, Volume 87, Issue 4, pp 551-559

The relation between above- and belowground biomass allocation patterns and competitive ability

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Summary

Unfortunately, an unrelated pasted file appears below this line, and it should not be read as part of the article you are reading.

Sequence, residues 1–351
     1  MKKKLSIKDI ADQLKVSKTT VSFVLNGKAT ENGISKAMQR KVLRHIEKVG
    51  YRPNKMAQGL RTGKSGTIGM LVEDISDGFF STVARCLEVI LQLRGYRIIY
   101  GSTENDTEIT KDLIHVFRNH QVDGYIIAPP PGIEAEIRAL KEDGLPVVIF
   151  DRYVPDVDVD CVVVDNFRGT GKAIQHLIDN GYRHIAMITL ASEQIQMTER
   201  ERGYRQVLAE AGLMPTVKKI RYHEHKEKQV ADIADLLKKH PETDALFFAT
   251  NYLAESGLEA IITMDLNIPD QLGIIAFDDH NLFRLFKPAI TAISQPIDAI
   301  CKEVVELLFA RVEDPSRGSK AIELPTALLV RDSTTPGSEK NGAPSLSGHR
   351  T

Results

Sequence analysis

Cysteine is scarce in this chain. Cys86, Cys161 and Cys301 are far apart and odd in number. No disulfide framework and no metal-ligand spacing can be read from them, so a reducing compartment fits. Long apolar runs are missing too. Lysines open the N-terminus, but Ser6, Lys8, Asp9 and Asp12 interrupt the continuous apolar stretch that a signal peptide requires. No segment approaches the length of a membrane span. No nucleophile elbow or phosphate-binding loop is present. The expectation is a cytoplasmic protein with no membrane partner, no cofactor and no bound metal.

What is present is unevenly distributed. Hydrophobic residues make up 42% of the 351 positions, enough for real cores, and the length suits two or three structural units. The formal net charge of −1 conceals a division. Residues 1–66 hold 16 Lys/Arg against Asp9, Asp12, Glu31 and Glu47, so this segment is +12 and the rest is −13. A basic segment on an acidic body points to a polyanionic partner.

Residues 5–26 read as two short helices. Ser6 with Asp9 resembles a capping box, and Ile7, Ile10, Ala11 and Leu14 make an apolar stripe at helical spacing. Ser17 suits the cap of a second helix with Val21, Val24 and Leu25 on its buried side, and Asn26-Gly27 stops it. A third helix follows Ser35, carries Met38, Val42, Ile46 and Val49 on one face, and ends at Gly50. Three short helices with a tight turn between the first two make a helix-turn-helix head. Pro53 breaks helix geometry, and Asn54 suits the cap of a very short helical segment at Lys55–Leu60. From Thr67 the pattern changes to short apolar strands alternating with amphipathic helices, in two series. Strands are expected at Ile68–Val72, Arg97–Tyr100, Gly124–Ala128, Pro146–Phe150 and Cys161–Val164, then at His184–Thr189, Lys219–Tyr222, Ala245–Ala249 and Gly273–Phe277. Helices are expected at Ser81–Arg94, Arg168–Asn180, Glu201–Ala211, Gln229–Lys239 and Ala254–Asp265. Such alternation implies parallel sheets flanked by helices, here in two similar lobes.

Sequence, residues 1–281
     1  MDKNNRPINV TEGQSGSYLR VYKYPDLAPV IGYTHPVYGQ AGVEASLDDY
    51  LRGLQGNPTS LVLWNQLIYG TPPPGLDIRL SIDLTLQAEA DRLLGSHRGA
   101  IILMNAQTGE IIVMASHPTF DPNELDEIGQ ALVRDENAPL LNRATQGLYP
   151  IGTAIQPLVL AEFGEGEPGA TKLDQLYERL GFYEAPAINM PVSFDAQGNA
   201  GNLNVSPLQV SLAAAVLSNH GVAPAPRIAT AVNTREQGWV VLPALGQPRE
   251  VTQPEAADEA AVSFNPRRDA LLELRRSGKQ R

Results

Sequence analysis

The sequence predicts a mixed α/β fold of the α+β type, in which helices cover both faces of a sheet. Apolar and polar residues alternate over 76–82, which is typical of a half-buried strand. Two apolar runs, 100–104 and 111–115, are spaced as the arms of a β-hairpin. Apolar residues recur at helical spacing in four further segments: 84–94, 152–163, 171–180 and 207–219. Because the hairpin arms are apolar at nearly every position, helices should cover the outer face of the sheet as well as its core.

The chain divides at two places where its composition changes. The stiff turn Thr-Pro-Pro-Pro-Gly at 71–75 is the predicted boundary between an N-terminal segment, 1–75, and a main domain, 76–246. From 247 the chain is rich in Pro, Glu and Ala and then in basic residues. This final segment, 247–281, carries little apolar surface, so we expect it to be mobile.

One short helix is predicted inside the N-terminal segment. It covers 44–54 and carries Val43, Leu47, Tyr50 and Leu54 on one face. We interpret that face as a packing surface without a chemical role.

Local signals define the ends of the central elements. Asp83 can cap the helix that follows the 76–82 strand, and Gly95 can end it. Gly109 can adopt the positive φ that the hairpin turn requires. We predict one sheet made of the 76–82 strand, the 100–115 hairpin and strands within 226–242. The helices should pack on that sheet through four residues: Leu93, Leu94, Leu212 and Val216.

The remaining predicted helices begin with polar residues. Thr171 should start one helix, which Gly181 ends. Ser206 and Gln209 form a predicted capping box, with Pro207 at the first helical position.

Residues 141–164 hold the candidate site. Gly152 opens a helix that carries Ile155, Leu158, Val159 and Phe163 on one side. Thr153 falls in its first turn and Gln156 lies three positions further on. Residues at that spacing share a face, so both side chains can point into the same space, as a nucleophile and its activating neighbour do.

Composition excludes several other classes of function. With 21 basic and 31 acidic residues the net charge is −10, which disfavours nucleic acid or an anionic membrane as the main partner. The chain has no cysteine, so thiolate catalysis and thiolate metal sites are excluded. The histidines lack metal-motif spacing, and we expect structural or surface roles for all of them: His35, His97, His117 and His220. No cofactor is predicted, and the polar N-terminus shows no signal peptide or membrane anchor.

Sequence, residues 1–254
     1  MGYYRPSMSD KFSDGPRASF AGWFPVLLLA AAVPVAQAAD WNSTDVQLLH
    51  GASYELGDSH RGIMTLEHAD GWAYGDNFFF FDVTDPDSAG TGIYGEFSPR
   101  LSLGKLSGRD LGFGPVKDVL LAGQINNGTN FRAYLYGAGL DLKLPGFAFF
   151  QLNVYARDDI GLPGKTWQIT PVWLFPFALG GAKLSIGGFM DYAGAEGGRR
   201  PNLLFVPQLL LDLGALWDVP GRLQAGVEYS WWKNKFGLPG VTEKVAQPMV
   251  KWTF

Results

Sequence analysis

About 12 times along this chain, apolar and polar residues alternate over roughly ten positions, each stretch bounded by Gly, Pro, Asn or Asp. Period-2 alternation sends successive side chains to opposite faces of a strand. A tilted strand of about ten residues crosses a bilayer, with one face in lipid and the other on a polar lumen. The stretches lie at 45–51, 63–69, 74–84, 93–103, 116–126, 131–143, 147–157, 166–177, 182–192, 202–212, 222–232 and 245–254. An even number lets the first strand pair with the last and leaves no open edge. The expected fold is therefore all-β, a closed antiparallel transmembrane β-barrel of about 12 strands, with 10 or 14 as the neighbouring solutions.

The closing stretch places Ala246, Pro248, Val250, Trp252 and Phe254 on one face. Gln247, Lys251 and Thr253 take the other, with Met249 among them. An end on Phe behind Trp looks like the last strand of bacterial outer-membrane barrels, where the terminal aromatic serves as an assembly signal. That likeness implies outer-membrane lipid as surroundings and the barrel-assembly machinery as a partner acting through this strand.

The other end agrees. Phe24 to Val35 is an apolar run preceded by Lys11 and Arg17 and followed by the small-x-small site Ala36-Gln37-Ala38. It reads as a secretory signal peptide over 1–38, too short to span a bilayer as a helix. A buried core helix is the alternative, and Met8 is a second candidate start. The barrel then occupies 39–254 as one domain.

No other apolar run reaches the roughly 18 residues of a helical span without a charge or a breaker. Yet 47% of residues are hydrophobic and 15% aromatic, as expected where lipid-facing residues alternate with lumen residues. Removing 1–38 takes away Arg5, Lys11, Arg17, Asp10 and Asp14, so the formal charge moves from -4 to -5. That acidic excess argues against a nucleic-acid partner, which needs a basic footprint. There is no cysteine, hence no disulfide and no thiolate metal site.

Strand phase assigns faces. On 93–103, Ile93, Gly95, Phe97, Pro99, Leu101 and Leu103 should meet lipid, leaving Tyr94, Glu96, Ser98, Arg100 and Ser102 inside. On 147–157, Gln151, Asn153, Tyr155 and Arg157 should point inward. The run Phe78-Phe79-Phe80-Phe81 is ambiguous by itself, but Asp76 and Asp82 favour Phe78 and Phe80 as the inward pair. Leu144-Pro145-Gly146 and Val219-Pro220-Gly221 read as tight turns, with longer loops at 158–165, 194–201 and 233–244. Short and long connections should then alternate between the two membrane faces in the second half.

In a 2-year experiment, the evergreen shrubsErica tetralix andCalluna vulgaris (dominant on nutrient-poor heathland soils) and the perennial deciduous grassMolinia caerulea (dominant on nutrient-rich heathland soils) were grown in replacement series in a factorial combination of four competition types (no competition, only aboveground competition, only belowground competition, full competition) and two levels of nutrient supply (no nutrients and 10 g N+2 g P+10 g K m−2 yr−1). Both in the unfertilized and in the fertilized treatmentsMolinia allocated about twice as much biomass to its root system than didErica andCalluna. In all three species the relative amount of biomass allocated to the roots was lower at high than at low nutrient supply. The relative decrease was larger forMolinia than forErica andCalluna. In the fertilized monocultures biomass of all three species exceeded that in the unfertilized series.Molinia showed the greatest biomass increase. In the unfertilized series no effects of interspecific competition on the biomass of each species were observed in either of the competition treatments. In the fertilized mixtures where only belowground competition was possibleMolinia increased its biomass at the expense of bothErica andCalluna. When only aboveground competition was possible no effects of interspecific competition on the biomass of the competing species were observed. However, in contrast with the evergreens,Molinia responded by positioning its leaf layers relatively higher in the canopy. The effects of full competition were similar to those of only belowground competition, so in the fertilized series belowground competition determined the outcome of competition. The high competitive ability ofMolinia at high nutrient supply can be attributed to the combination of (1) a high potential productivity, (2) a high percentage biomass allocation to the roots, (3) an extensive root system exploiting a large soil volume, and (4) plasticity in the spatial arrangement of leaf layers over its tall canopy. In the species under study the allocation patterns entailed no apparent trade-off between the abilities to compete for above- and belowground resources. This study suggests that this trade-off can be overcome by: (1) plasticity in the spatial arrangement of leaf layers and roots, and (2) compensatory phenotypic and species-specific differences in specific leaf area and specific root length.